In 1965 in Podunk, USA, a malfunction occurs in a mansion's laboratory, and thirty years later, a boy and his dog stumble upon the lab, then finding themselves transported to the surreal world of Evermore, from which they must find their way home. Squaresoft's Secret of Evermore, one of their few RPGs developed in America, is in some respects a knockoff of Secret of Mana, but isn't as fun, despite having its share of redeeming qualities.
Evermore's battle system borrows heavily from Secret of Mana, with both the boy and his dog squaring off against the enemy in real-time combat, with both having gauges that gradually fill up to 100%, guaranteeing maximum damage when attacking enemies with the various weapons the boy acquires during the game, or the dog's attack. As in Secret of Mana, killing enemies with weapons acquires experience for the used weapon, with the player able to level each weapon twice, allowing the player to use a charge attack of a maximum of two levels when holding down the attack button.
The main issue with weapon level-building in Evermore is that weapon levels don't transfer when the player acquires more powerful weapons of a specific type, including swords, axes, or spears, and must build experience all over again, which can be time-consuming and even difficult if the player sets the dog's A.I. to constantly attack enemies. The dog's attack level also increases up to two times, with a maximum charge attack of two corresponding levels, which can be very useful later in the game against more powerful enemies, though at the expense of the boy's weapon levels lagging.
Where the similarity to Secret of Mana ends is the magic system, where the player acquires dozens of alchemy recipes that the boy can cast using ingredients acquired from special shops or found when the dog smells something on the ground on the game's many fields. Constantly using spells gradually makes them more powerful, although shops across the game's world have different ingredients for sale, creating the problem of having to remember which shops sell which ingredients and taking the time to revisit them in order to purchase them, as well as taking a toll on the player's money.
Consequentially, Evermore's battle system doesn't work as well as it should, given the tedium of having to build weapon levels when acquiring more powerful weapon incarnations, not to mention the flawed alchemy system, although there are some useful spells, such as healing, which can come in handy against the toughest bosses. The A.I. for the dog is also reasonably competent, in spite of causing his master's weapon levels to lag if the player sets him to charge and attack enemies, and overall, the battle system leaves plenty of room for improvement.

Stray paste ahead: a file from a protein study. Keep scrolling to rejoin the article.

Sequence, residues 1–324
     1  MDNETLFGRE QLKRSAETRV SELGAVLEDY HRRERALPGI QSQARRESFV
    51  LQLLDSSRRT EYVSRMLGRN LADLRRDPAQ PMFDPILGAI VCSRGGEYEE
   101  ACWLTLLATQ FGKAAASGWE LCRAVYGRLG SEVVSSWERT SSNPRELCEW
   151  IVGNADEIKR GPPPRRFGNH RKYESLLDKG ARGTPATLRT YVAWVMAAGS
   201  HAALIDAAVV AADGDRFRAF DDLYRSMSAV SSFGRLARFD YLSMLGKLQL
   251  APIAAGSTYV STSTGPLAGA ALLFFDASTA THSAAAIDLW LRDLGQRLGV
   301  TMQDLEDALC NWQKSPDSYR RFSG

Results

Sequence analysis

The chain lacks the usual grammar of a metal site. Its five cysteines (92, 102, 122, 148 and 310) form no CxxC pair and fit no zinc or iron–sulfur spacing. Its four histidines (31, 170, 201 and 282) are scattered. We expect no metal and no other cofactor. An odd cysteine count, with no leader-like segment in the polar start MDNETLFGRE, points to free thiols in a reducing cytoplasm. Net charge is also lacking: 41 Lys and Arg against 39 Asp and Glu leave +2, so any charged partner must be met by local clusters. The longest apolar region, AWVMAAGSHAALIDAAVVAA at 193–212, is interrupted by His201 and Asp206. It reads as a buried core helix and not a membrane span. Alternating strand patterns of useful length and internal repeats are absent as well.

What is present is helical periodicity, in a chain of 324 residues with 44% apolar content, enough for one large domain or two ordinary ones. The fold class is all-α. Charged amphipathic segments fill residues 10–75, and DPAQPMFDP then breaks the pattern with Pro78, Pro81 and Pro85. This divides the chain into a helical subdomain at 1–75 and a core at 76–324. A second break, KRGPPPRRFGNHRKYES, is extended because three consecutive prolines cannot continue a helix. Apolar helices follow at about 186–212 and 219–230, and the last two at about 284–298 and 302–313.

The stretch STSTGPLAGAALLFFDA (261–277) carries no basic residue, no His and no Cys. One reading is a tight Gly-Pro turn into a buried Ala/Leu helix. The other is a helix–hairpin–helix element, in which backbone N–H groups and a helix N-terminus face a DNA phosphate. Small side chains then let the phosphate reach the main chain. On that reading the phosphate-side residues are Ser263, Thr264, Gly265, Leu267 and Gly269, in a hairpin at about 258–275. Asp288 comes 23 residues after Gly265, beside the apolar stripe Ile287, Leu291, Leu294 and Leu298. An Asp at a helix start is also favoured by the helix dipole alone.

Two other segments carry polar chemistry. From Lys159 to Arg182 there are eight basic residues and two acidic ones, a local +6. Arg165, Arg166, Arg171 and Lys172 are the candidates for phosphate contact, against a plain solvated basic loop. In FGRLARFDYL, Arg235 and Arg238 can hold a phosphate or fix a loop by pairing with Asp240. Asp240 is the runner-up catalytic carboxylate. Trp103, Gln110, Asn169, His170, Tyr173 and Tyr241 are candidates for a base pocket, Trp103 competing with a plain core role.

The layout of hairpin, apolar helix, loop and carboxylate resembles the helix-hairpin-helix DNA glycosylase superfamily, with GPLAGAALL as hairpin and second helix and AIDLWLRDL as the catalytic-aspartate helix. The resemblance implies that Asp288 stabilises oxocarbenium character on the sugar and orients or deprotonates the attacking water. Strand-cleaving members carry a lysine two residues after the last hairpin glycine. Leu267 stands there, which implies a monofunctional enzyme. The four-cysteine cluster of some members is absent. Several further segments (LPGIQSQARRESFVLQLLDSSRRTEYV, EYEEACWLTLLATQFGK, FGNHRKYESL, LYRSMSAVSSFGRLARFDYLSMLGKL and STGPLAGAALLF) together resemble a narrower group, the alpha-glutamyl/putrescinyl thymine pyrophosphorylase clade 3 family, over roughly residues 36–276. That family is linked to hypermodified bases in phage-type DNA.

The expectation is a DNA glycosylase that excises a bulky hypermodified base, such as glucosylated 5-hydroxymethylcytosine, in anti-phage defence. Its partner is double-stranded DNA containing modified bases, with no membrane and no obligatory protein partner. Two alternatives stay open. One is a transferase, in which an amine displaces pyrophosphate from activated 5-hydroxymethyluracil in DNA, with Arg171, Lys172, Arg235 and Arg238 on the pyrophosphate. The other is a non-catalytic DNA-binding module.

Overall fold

Control in Evermore is superficially decent, with an easy ring menu system reminiscent of that in Secret of Mana, and easy shopping for new equipment, although shopping for ingredients can be tedious since, as mentioned, different shops around the world sell different ingredients, making the use of alchemy spells somewhat restrictive. Dungeon design is also tedious, what with the lack of convenient automaps, and sometimes the game doesn't do a good job telling players how to advance the main storyline. Ultimately, the game doesn't interface as well with the player as it could have.
The story was okay for a game released back in 1995, what with some okay plot twists, even if said twists are a bit redundant throughout the game, although the lack of direction at times on how to advance doesn't serve the plot very well, and the references to fictional B-movies fall somewhat flat. Ultimately, the narrative isn't bad, but isn't great, either.
The soundtrack by Jeremy Soule is half-decent, with some decent tracks, although too many areas rely on ambient noise in lieu of music. The graphics are probably the best part of the game, with large character and monster sprites and reasonable animation, alongside well-designed scenery, though the character sprites don't show much emotion during cutscenes. Ultimately, Evermore sounds okay but looks better.
In the end, Secret of Evermore is a knockoff that falls somewhat flat, what chiefly with flaws in its combat system and interaction, although some areas are okay, such as the music and especially the graphics. It certainly isn't a terrible effort, although players won't be missing much if they avoid the game, and would probably be better off playing Secret of Mana instead.
+Lots of Alchemy spells and weapons to try out.
+Soundtrack is okay.
-Leveling weapons/spells can be tedious.
-Soundtrack is too ambient.
Platform: Super NES
Game Mechanics: 6/10
Lasting Appeal: 3/10
Playing Time: No In-Game Clock